Mental Singing Improves Your Walking Ability

by Hannah Joy on August 27, 2019 at 9:53 AM
Mental Singing Improves Your Walking Ability

Mental singing like singing a rhythmic song in your head can help improve the walking ability not only in people with Parkinson's disease (PD), but also in healthy older adults, reports a new study.

They study was published in The Journal of Neurologic Physical Therapy (JNPT). The journal is published in the Lippincott portfolio by Wolters Kluwer.


Mental singing (internal cueing) improves some gait measures that aren't affected by hearing music or singing aloud (external cueing), according to the new research by Elinor Harrison, PhD, Adam Horin, MA, and Gammon M. Earhart, PT, PhD, FAPTA, of the Program in Physical Therapy at the Washington University School of Medicine, St. Louis. They write, "Optimizing the use of internal cues to facilitate movement is an important step towards more effectively meeting the needs of people with gait disorders related to aging or neurological disease."

Mental Singing May Have Advantages for Improving Gait in Parkinson Disease

External cues - like music or metronome beats - are commonly recommended as a "pacemaker" to increase gait speed for people with PD. "Previously, we showed that internal cues (such as singing) produce similar motor benefits as external cues (such as listening to music) for people with PD," according to the authors.

In the new study, they further explored how mental singing and singing aloud can improve measures of gait in older adults, with or without PD.

The study included 30 adults with Parkinson's disease and 30 healthy adults, aged 50 or older. Participants performed walking tests under three conditions: hearing music or singing aloud while walking (external cues) and singing in their heads while walking (internal cue).

All three trials used the same song: a rhythmic version of Row, Row, Row Your Boat. Participants were first asked to walk along to the beat of the song played aloud, then as they sang the song out loud or in their heads.

The study also assessed the effects of hearing/singing the song at different tempos: at the person's preferred walking speed (cadence), ten percent slower, or ten percent faster.

As expected, people with PD walked slower, took shorter steps, and had higher levels of gait variability and asymmetry. The external cues - hearing music or singing aloud - led to improvements in gait performance, including velocity, cadence, and stride length. That was so for both the participants with PD and the healthy older adults. However, only the internal cue - mental singing - led to reduced variability in gait measures, indicating increased stability. In both groups, tempos faster than the preferred cadence led to increased gait velocity and reduced variability.

The findings suggests that mental singing might be a more effective tool to increase walking speed in people with PD - counteracting the slow, shuffling gait characteristic of the disease. It's not clear why mental singing reduces gait variability, compared to hearing music or singing aloud - "Internal cues may pose less of a challenge compared to external cues," the researchers write. The study adds new evidence that internal cuing may be more effective than commonly prescribed external cuing techniques. Mental singing also has an obvious advantage for people who would not feel comfortable walking down the street while singing aloud.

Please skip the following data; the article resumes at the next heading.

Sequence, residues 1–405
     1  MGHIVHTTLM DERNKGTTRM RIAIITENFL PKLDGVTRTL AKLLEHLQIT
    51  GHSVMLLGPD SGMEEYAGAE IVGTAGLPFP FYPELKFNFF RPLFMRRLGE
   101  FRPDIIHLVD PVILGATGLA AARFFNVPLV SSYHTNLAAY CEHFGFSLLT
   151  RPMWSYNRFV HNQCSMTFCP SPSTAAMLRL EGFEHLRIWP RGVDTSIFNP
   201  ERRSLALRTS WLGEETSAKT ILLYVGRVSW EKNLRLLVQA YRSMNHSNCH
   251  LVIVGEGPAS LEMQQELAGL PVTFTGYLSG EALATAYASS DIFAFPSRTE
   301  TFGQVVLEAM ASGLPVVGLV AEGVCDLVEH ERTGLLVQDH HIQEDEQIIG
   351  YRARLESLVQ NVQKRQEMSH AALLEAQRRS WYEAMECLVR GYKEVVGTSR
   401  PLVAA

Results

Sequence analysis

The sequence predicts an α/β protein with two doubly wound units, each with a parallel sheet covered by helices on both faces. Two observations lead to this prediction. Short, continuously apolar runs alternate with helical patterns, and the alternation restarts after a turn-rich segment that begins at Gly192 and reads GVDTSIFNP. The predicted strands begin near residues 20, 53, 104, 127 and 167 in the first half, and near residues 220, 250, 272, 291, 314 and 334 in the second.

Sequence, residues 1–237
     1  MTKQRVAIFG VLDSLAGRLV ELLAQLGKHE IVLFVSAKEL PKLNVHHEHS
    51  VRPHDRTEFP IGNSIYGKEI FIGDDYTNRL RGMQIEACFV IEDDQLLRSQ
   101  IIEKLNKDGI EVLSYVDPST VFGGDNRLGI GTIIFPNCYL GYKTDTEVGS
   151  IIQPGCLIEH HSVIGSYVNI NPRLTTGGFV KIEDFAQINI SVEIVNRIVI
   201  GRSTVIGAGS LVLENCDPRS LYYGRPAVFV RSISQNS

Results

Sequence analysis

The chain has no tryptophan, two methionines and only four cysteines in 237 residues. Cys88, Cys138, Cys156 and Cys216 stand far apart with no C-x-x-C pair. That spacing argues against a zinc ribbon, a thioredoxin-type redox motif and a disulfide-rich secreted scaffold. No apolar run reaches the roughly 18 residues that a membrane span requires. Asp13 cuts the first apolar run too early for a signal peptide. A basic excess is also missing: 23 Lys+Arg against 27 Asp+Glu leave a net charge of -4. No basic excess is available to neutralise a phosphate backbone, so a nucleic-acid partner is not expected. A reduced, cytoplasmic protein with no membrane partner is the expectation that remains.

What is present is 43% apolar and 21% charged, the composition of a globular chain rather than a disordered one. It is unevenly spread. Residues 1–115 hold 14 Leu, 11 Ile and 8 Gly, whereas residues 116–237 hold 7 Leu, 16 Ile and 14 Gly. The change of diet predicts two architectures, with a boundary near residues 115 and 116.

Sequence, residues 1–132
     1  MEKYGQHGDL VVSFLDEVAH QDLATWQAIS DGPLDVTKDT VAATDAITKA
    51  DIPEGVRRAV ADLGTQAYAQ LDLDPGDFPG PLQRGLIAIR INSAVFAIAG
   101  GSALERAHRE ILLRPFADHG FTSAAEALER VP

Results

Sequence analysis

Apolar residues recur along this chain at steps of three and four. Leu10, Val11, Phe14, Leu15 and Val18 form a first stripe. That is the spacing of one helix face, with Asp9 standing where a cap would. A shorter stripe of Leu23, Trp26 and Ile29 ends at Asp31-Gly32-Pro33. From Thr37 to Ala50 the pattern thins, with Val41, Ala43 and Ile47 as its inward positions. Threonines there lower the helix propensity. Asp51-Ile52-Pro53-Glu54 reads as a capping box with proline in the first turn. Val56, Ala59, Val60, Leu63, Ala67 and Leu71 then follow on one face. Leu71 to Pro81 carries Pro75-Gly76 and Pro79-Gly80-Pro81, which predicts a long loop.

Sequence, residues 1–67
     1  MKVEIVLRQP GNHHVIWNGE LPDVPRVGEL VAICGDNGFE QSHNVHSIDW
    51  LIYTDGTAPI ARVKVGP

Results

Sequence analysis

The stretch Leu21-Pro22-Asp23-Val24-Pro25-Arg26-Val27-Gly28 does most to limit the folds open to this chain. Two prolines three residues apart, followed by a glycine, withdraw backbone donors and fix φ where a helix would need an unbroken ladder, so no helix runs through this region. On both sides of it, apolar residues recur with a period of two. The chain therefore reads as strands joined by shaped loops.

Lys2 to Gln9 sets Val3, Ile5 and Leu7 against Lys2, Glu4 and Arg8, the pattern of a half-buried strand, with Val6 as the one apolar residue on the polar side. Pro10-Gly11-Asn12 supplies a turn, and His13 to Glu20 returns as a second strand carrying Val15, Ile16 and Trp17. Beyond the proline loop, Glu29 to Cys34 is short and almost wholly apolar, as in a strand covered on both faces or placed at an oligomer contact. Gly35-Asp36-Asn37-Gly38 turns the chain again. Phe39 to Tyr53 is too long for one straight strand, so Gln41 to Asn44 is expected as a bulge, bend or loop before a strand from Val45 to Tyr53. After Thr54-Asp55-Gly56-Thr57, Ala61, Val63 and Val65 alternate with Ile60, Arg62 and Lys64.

"Internal cues allow people to increase gait velocity while simultaneously reducing gait variability, which may ultimately contribute to enhanced gait stability and reduced fall risk," the authors conclude. They suggest that mental singing might also help to improve gait in other groups of patients, such as those with walking difficulties after a stroke.

Source: Eurekalert
Font : A-A+



Recommended Readings

Latest Senior Health News

High Thyroid Hormones Linked to Cognitive Disorders
An elevated presence of thyroid hormones, known as thyrotoxicosis, has been associated with a higher likelihood of cognitive disorders in older adults.
Alarming Rates of Suicidal Ideation Among Elderly Transgenders
Elderly transgenders face a higher risk of suicide due to socio-economic factors with 25% of them giving serious thought to taking their own lives.
Is Improved Deep Sleep the Key to Dementia Prevention?
A decrease of 1% in deep sleep annually for individuals aged 60 and above results in a 27% higher dementia risk.
Cognitive Benefits for Older Adults Through Golf and Walking
In seniors, engaging in a single session of either 18 holes of golf, 6 km of Nordic walking, or 6 km of regular walking was observed to boost cognitive functions.
Could Higher Triglycerides Be the Key to Lower Dementia Risk?
Higher triglycerides linked to slower cognitive decline in various aspects, incl. global function, memory, & more over time.
View All
This site uses cookies to deliver our services.By using our site, you acknowledge that you have read and understand our Cookie Policy, Privacy Policy, and our Terms of Use  Ok, Got it. Close

Mental Singing Improves Your Walking Ability Personalised Printable Document (PDF)

Please complete this form and we'll send you a personalised information that is requested

You may use this for your own reference or forward it to your friends.

Please use the information prudently. If you are not a medical doctor please remember to consult your healthcare provider as this information is not a substitute for professional advice.

Name *

Email Address *

Country *

Areas of Interests